Sutton, Emma Rebecca (2019) Investigating the possible mechanisms and gender effects of Omega-3 fatty acids on neuroblastoma, breast and prostate cancers. Masters thesis, Keele University.

[img]
Preview
Text
SuttonMPhil2019.pdf

Download (1MB) | Preview

Abstract

Cancer is a worldwide disease characterised by uncontrollable cell division and tumour growth making it a leading cause of death worldwide. The use of dietary products such a poly-unsaturated fatty acids (PUFAs) to reduce cancer growth is a current area of interest in research. Docosahexaenoic acid (DHA), Alpha-linolenic acid (ALA) and Arachidonic acid (AA) are examples of omega-3 and omega-6 fatty acids found to play a role in carcinogenesis, for example DHA has previously been shown to induce apoptosis in cancer cells without influencing healthy cells. In neuroblastoma cancer development has been delayed by DHA treatment as a result of in vitro mechanisms involving intracellular peroxidation. A further protective effect of omega-3 fatty acids was found in breast cancer patients following high fish consumption and in prostate cancer development the role of omega-3 fatty acids have been highlighted in animal studies, though the later remains a conflicted area of research. Both prostate and breast cancers are gender specific and influenced by hormones, therefore the success of treatments in both these cancers may elicit gender differences. For this reason, neuroblastoma, breast and prostate cancer cell lines have been investigated in the current research to see if PUFAs or gender effects play a role in cancer development. The supplementation of DHA, ALA and AA were investigated across the three cancer cell lines (SH-SY5Y neuroblastoma, MCF-7 breast, PC-3 prostate) using a dose range of 0-1000M to produce dose-response curves displaying the effects on cell viability. A concentration of 800M was found to produce an optimal reduction in cell viability across the three cell lines. DHA was found to decrease cell viability of all three cells lines following 24hr and 48hr treatment periods. In this study antagonists of calcium-independent phospholipase A2 (iPLA2), G-protein coupled receptor 40 (GPR40), retinoid-X-receptor (RxR) and nuclear receptors (NR) (bexarotene, tamoxifen, mifepristone, nilutamide) were investigated as pharmacological targets to see if these specific receptors were involved in PUFA effects on cancer cell viability. The antagonists investigated had differing effects on the different cell lines, with certain antagonists eliciting significant cell viability differences in select cell lines. iPLA2 antagonists acting on the SH-SY5Y and MCF-7 lines whereas RxR induced changes in cell viability across all the cell lines. In conclusion, this research has shown IPLA2, GRP40, RxR and nuclear receptors all have an involvement across the three cancer cell lines (SH-SY5Y, MCF-7, PC-3) by significantly affecting cell viability. The prostate cancer cell line did not respond as well to PUFA treatment when compared to the other two cell lines suggesting there may be gender differences, which is in line with previous research displaying no consistent evidence. This research supports the role of PUFAs in prevention and causation of neuroblastoma, breast and prostate cancer.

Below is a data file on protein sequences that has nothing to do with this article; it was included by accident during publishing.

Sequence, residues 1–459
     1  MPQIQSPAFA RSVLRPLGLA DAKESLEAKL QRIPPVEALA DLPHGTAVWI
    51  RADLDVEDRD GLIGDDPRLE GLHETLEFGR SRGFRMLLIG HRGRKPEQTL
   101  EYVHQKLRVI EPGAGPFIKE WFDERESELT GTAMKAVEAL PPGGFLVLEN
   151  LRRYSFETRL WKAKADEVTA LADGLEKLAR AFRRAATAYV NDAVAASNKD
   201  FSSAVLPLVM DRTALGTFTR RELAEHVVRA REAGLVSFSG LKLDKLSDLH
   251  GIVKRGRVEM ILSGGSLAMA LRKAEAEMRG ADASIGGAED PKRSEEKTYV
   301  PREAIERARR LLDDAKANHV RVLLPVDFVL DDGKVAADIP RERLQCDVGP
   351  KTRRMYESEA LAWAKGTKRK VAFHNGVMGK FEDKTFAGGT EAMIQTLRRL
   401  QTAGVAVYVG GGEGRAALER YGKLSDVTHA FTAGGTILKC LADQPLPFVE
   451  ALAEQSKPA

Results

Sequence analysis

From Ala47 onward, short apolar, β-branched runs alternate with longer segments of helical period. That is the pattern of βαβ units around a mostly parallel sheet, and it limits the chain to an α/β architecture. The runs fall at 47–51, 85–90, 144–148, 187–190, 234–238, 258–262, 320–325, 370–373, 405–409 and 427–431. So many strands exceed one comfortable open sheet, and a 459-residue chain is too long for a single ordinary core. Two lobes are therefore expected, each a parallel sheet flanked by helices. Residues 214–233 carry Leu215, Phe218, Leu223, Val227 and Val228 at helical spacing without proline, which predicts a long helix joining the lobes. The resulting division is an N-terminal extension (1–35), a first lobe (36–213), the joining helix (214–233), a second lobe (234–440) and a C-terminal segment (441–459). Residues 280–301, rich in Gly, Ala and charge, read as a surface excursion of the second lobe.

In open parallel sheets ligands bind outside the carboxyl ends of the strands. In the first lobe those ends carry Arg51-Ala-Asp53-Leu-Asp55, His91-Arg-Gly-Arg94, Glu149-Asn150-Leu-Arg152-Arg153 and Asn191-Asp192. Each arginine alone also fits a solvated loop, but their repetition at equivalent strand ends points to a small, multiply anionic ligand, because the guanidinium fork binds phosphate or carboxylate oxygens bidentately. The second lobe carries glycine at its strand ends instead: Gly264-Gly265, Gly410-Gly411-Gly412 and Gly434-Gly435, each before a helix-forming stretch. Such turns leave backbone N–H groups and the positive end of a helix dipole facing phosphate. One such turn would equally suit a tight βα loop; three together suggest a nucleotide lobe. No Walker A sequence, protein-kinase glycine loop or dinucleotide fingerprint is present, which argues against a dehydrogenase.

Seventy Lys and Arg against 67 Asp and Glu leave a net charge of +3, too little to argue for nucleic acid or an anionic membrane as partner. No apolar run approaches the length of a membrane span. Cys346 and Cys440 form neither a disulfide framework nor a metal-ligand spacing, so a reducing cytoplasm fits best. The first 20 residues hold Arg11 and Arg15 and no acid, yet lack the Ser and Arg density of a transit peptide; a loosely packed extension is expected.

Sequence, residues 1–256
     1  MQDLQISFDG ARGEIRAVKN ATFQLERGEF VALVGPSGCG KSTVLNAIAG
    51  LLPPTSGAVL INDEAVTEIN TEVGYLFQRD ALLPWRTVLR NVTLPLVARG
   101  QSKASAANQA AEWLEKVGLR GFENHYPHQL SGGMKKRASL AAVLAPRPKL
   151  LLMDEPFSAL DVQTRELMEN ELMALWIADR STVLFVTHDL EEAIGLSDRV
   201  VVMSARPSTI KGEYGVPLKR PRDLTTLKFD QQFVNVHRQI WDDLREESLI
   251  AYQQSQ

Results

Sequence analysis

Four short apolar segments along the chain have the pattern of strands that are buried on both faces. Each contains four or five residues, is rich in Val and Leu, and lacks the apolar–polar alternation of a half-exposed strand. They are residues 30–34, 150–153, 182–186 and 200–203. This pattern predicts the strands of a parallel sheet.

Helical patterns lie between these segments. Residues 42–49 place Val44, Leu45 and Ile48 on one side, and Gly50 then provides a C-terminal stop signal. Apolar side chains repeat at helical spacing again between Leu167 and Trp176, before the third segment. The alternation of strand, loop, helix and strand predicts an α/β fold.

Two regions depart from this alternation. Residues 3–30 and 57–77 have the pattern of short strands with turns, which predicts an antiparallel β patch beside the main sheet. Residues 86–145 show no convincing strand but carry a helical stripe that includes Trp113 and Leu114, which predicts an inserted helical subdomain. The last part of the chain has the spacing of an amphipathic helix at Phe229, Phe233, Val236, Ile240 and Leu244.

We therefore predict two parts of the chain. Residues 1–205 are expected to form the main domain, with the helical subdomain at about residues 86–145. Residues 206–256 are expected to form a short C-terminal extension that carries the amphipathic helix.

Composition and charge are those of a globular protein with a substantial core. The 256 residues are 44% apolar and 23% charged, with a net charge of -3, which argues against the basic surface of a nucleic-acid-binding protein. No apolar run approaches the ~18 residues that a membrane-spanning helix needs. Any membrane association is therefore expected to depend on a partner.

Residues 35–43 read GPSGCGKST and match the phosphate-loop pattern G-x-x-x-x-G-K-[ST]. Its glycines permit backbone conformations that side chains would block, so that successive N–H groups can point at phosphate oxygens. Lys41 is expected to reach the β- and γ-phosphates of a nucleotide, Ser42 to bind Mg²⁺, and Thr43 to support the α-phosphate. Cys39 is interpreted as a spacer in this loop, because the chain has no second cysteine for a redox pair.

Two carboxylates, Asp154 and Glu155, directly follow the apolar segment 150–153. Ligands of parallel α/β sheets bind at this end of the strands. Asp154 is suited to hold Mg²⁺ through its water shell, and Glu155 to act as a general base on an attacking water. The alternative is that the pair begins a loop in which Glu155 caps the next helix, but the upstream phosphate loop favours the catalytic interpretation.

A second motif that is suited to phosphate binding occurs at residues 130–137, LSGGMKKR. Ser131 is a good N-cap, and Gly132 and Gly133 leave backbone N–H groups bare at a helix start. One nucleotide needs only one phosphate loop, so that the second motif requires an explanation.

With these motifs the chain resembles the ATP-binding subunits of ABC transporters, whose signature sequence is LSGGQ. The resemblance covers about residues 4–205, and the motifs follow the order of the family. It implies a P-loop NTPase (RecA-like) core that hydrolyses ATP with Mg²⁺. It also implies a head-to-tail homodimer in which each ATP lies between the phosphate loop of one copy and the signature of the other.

Item Type: Thesis (Masters)
Subjects: R Medicine > RS Pharmacy and materia medica
Divisions: Faculty of Medicine and Health Sciences > School of Pharmacy and Bioengineering
Contributors: Mazzocchi-Jones, Dave (Thesis advisor)
Depositing User: Lisa Bailey
Date Deposited: 24 Aug 2020 14:40
Last Modified: 24 Aug 2020 14:40
URI: https://eprints.keele.ac.uk/id/eprint/8580

Actions (login required)

View Item View Item